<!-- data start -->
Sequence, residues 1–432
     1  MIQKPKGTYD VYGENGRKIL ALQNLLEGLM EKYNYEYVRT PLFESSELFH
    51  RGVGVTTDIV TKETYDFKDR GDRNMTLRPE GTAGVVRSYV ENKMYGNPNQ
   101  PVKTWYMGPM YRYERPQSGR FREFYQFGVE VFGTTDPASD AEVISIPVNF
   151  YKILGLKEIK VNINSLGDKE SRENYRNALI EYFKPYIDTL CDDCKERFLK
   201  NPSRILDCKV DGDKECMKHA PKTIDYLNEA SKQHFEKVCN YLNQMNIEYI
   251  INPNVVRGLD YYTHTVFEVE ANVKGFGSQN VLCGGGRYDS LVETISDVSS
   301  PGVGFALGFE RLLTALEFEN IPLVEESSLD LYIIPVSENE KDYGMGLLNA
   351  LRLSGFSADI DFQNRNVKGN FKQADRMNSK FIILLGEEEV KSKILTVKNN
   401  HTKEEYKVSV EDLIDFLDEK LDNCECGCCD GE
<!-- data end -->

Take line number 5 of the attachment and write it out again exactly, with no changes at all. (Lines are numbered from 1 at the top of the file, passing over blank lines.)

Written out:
   151  YKILGLKEIK VNINSLGDKE SRENYRNALI EYFKPYIDTL CDDCKERFLK